the Primal Receiver
By John Gavazzoni
I had been invited to minister at an informal conference in a house-church setting. It may have been the first meeting of the weekend series when some group sharing was triggered by the Spirit moving upon me to share a word extolling God's saving grace. Several of the brethren in attendance contributed words of agreement re: the primacy of grace in the economy of God, when the brother in whose home I was staying, who was also acting as a sort of moderator of the meetings, added, "yes, and all that's left for us is to receive."
Fresh from hearing the Lord update His renewing of my mind on the subject of receiving from God, I turned to him seated at my right in the circle, and gently introduced a thought to him that he'd never considered: "But it's Christ in us who is the Receiver." He was a brother who most certainly was not without an appreciable level of revelation and understanding in the ways of God, yet the thought I had introduced to him left him with that "deer in the headlights" look. Come to think of it, that's probably the same look I had when that outlandish thought (outlandish to the conventional evangelical mindset) first intruded into my consideration.
The God who sent His Son into the world, also "has sent the Spirit of His Son into our hearts..." And those into whose hearts the Spirit of God's Son has been given were "dead in trespasses and sins" at the moment when they received. They were, in their state of deadness toward God, not able to add something of their own to their receptivity.
As an analogy, think of someone whose heart has stopped, and not even electric shock is working to get his heart beating again, when the attending physician resorts to an injection of a stimulant directly into the heart. That person has RECEIVED a life-giving injection without adding any willful contributing factor to the reception. The impetus and power of reception came by the decision and action of the physician. The patient, though, did receive the vivifying stimulant.
Apart from the deeply disturbing work of the Holy Spirit, we're left with a deep resistance to accepting how utterly helpless we are before God even in the matter of receiving from Him. God gives, THUS we receive! That's the sum of the matter. No ifs, ands, or buts, about it.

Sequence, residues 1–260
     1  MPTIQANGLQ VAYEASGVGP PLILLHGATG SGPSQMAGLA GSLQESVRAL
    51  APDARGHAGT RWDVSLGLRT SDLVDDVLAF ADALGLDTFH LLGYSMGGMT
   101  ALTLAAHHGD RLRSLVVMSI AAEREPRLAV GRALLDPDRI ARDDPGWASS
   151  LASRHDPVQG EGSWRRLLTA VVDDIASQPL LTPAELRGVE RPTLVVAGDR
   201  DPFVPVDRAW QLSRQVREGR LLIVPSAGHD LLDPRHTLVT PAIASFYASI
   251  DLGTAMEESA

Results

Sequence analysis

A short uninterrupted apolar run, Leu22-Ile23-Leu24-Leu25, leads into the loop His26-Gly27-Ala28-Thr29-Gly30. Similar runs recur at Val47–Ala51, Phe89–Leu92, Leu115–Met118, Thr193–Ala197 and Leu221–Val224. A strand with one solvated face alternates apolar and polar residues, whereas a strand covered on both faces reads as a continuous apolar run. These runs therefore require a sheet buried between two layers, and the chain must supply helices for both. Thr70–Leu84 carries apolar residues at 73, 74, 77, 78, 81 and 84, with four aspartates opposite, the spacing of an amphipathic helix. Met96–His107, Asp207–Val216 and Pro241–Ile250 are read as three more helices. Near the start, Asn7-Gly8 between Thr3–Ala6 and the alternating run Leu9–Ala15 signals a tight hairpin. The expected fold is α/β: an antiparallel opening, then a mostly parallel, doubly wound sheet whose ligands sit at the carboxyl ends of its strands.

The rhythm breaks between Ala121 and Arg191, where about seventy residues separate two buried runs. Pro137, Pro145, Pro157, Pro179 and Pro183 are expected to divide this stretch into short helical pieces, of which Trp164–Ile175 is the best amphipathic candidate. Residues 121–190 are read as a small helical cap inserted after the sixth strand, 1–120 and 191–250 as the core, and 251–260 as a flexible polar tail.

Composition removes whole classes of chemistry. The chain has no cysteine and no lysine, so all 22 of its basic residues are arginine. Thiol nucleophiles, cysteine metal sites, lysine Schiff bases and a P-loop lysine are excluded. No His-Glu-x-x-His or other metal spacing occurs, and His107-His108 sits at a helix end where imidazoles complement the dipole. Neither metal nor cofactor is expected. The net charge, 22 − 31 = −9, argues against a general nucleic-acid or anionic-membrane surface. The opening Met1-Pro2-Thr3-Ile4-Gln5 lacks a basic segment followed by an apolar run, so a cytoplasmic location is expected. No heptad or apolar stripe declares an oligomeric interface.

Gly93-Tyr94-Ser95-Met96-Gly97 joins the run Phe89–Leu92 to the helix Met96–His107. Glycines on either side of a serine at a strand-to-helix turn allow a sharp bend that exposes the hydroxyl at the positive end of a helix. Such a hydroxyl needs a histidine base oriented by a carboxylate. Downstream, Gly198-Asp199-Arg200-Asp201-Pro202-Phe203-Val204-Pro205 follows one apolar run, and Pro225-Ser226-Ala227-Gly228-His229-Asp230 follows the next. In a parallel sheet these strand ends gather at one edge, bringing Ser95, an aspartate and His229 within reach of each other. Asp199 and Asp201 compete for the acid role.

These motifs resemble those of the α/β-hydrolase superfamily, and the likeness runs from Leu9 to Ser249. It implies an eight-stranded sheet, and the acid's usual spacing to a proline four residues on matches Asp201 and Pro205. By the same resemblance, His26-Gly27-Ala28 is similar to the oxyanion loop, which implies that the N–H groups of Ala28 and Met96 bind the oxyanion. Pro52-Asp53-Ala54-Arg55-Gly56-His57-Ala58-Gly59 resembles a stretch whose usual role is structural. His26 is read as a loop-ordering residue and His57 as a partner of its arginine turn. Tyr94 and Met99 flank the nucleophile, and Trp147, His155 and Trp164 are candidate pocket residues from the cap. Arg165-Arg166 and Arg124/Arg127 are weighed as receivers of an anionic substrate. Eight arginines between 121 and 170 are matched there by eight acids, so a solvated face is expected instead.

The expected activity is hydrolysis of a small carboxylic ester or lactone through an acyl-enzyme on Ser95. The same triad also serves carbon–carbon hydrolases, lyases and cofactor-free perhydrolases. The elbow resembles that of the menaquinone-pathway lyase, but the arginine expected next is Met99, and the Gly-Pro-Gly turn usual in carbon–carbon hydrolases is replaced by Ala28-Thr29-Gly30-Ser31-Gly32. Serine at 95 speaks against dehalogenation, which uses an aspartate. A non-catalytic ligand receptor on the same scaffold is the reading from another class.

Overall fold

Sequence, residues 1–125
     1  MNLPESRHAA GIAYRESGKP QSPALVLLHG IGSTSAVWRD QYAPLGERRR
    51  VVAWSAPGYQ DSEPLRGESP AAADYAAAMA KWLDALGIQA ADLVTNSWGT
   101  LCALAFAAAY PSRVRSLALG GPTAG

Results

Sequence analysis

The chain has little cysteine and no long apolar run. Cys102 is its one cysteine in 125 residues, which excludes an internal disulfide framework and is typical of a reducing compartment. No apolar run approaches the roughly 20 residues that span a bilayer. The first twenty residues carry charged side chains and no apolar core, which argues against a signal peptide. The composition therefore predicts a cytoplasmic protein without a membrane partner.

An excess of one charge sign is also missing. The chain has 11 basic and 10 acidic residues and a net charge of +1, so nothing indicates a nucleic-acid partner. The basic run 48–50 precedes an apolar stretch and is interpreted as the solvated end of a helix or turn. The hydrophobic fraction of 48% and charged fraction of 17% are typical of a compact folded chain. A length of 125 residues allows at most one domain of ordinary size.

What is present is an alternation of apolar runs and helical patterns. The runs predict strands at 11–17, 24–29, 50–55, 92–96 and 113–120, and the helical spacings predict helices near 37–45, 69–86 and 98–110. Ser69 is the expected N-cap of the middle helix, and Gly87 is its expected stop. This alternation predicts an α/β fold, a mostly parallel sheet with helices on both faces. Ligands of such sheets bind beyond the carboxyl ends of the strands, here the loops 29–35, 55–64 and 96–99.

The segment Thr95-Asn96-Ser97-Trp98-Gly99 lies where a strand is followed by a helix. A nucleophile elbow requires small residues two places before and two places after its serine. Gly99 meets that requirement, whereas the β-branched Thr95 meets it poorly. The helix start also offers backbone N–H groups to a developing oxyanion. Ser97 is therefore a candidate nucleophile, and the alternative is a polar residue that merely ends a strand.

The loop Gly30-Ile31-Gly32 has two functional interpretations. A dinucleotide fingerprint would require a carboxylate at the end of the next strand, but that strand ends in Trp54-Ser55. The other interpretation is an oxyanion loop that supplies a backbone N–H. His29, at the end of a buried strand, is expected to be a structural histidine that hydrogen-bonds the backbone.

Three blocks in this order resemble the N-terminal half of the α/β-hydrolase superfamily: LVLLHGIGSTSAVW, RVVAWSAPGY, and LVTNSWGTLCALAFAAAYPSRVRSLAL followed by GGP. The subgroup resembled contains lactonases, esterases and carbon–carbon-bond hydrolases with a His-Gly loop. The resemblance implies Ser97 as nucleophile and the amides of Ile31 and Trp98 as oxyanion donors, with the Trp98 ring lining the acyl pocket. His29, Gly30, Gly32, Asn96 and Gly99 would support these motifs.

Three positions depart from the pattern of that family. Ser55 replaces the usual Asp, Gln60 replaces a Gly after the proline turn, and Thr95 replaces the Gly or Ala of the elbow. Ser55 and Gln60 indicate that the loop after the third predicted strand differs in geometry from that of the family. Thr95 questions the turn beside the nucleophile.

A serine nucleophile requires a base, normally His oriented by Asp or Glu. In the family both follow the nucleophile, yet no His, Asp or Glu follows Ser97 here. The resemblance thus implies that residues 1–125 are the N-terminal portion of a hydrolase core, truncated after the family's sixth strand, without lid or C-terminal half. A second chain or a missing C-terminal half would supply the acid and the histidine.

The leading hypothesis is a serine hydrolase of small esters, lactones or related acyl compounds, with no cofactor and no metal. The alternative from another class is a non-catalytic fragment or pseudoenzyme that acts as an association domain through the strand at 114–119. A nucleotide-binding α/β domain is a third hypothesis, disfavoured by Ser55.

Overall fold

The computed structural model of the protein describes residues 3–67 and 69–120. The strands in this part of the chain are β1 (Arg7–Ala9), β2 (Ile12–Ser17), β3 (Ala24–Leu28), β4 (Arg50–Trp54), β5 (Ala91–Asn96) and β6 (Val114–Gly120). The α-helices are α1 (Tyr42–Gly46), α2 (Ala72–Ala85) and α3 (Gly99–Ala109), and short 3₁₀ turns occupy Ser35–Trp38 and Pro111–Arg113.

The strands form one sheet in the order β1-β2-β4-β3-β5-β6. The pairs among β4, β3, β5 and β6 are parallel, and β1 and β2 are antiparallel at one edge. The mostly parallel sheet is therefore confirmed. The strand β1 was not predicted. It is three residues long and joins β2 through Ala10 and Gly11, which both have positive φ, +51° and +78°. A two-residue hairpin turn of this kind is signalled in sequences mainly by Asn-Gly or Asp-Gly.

Now we come to the relationship of Christ to the Father in us. As has been true of the Son of God, in and out from, the timelessness of God's I AM Being, into our time-circumscribed existence, the Son still owes, continues on owing, all that He is, all that He speaks, and all that He does, to Father God's givingness. This wonder of relationship continues by Christ's indwelling His many brethren.
He is the Primal Receiver. All the goodness, ease, and well-being of which the gospel of Christ speaks, flows from the Father to the Son. Christ is the Primal Receiver to us, in us, and for us. We are "heirs of God, and joint-heirs of Jesus Christ" in that Primal Receptivity.
Jesus knew of what He spoke, when He told his disciples, "Freely ye have received, freely give." The giving and receiving that is at the heart of God's love lies in the freedom of God, not in any receiving-initiative that proceeds from some God-allowed sovereignty of choice on our part.
The Greek for receiving in the New Testament does convey a taking, a receiving with the hands, but dear brother or sister, it is the nature of the life of Christ in you, to take, to receive with the hands, what God so freely gives. It is the giving of the Father that PRODUCES the receiving of the Son. Never, in the life of Christ, as He saw the Father giving to Him, did He think that the consummation of Father's giving was dependent upon His (Jesus') receiving. The dynamic, the mighty force, of the giving becomes the dynamic and power of the receiving.
When the Father gives, the Son receives. No contrary option has ever been involved, nor ever will involve, the kind of relationship after the manner---as conventionally presumed---that the two parties must each do their distinctively bilateral part for the relationship to work, as in "only if the Father does His part of giving, and the Son does His part of receiving, can the transaction be consummated."
Within the working of Godness, the Father's giving IS one and the same with the Son's reception, and the Son's reception IS one and the same with the Father's giving. Jesus said He only did those things that He saw the Father do. In seeing the Father give the fullness of the Godness to Him, Jesus saw His own integral reception. Giving and receiving in the innards of the Family of, and which is, God, are one seamless transaction.